New Ohio State assistant coach Tony Skinn, hired from Seton Hall to replace departed defensive coordinator Terry Johnson (to Purdue), has a favorite word, and he wasn’t shy to use it at his introductory press conference in Columbus on June 25.
It was the word of the day, and may very well be the word of the season for an Ohio State roster that looks to return nearly every member of a roster that just flew all the way to a No. 2 seed in the NCAA Tournament before being shot back down to Earth by 15th-seeded Oral Roberts in the first round. As Skinn arrives in Columbus, he wants to take things slowly, and let relationships develop, in his words, “organically.”
That applies to his partnerships with fellow coaches, including the one that hired him this offseason; prospective recruits, some of which come from an area he’s never recruited before; and his new roster, one filled with veteran players that have been operating in this program for years, and may have some chances to do the teaching for the new assistant in town.
Now, Skinn is quick to point out that allowing things to happen as they may is very different from resting on his laurels. The former George Mason player knows a thing or two about working hard and plans to do plenty of it in Columbus, he just doesn’t want to overstep his bounds with new players, waiting first to develop trust and form those, again, “organic” relationships.
“It’s been good,” Skinn said at his press conference on Friday. “I don’t believe in trying to force relationships. I think when you get somewhere new you have to organically let it runs its course. In the basketball world, the one thing you have to do is get to know them on the court. I have a few guys I’m working with and getting closer to but it’s important to (let that happen organically).”
For Ohio State, patience in letting things develop as they may is the key to unlocking the potential of what looks to be Chris Holtmann’s most talented roster yet. The Buckeyes have lost, to this point, just three players from that 2021 group – guard C.J. Walker (the only starter of the bunch), forward Musa Jallow to Charlotte and center Ibrahima Diallo to the transfer portal. The latter two combined for just 17.6 minutes per game in 2021, and even that number is skewed, as Jallow seemed to fall out of the lineup as the season went on, and Diallo was never in it to begin with.
Obviously, the bigger questions this offseason revolve around guard Duane Washington Jr. and forward E.J. Liddell, as neither player has announced their intentions regarding the 2021 NBA Draft quite yet, and the two pretty comfortably served as Ohio State’s best players last season, leading the team in scoring with 16.4 and 16.2 points per game, respectively. The mercurial Washington is the bigger question mark of the two at this point after drawing an invite to the NBA Combine following his performance at the G League Elite Camp, but neither player has officially returned to the fold yet, harkening back to that much-needed patience of the offseason.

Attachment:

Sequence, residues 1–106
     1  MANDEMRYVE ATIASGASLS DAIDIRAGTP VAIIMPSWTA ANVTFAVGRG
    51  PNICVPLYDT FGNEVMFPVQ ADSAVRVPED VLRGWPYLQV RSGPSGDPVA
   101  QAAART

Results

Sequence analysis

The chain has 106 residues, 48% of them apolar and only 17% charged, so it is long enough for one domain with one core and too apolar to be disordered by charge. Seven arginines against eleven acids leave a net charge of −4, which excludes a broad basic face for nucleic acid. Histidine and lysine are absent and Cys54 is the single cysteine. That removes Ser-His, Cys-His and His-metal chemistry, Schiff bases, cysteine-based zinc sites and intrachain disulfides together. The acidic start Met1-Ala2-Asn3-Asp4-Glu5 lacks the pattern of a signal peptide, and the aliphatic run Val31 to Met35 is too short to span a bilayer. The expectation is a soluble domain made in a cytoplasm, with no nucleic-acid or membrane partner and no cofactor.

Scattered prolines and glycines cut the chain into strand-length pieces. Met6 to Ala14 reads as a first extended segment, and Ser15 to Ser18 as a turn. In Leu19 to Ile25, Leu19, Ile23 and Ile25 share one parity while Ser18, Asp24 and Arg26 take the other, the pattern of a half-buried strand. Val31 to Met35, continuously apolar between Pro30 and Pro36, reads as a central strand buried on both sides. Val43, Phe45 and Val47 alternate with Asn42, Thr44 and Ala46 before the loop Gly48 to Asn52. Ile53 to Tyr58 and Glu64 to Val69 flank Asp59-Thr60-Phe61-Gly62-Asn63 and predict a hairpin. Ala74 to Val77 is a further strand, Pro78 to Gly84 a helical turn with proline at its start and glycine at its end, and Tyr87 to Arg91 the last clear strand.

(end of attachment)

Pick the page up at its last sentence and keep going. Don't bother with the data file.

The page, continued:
Skinn, again, is at the fore on that.
“I’ve had a little bit,” Skinn said when asked if he’s had contact with the two draft hopefuls. “I’ve been through that process but in a different way, so I kind of understand what they’re going through. When I originally got the job I shot them a text just letting them know that, ‘Hey, I’m going here if you need anything from me, just reach out.’ But we’re also giving both guys their space. This is a very important part of their journey and of their life and there’s just no pressure from our coaching staff and definitely not from myself.”
For now, though, Ohio State has to wait, and work on growing this new roster without its two biggest stars, while hoping that those luminaries decide to put their professional dreams on hold for at least one more season. It’s easy to imagine an Ohio State team without either player still competing for an NCAA Tournament spot, especially if new additions like Penn State guard Jamari Wheeler, Indiana forward Joey Brunk and four-star point guard Malaki Branham can hit the ground running, but that same roster with Washington and Liddell leading the way could set its sights far higher.
That is, if everything can round into shape. Returning more talent is always going to be beneficial, but a backcourt with Washington, Wheeler, Justice Sueing, Justin Ahrens, Jimmy Sotos, Meechie Johnson, Eugene Brown and Branham in it is going to have to find something resembling a rotation, and it seems unlikely that all seven players will see time in such a spot – given that the backcourt has just two openings at a time. A more permanent move to the three could make sense for players like Sueing and Ahrens, but Seth Towns will certainly have something to say about that, and that still leaves two players out of the mix at the guard spots.
The frontcourt isn’t quite as jumbled, but easily could be if the 6-8 Towns moves into it full-time, as he toyed with last season. Liddell and Kyle Young feel like immovable objects in the starting group at this point, trailed by Brunk, Zed Key, freshman Kalen Etzler and potentially Towns, likely not in that order. Again, someone will need to be left out – though admittedly the choice seems to be a bit easier here with the presence of a developmental freshman.
Despite the hand-wringing, it’s likely difficult for Ohio State to generate much of anything resembling concern about this potential “problem.” A roster that returns Washington and Liddell – or just one of them – will have to make difficult decisions about which talented players have to ride the bench, but it will also have the firepower to make another run at the Big Ten, and look to redeem itself after the dispiriting end to the 2020-21 campaign. Just as he did with the proliferation of all things organic, the new man on campus seemed to deliver the phrase of the offseason for the Buckeyes.
“We’ve got a chance to be really good.”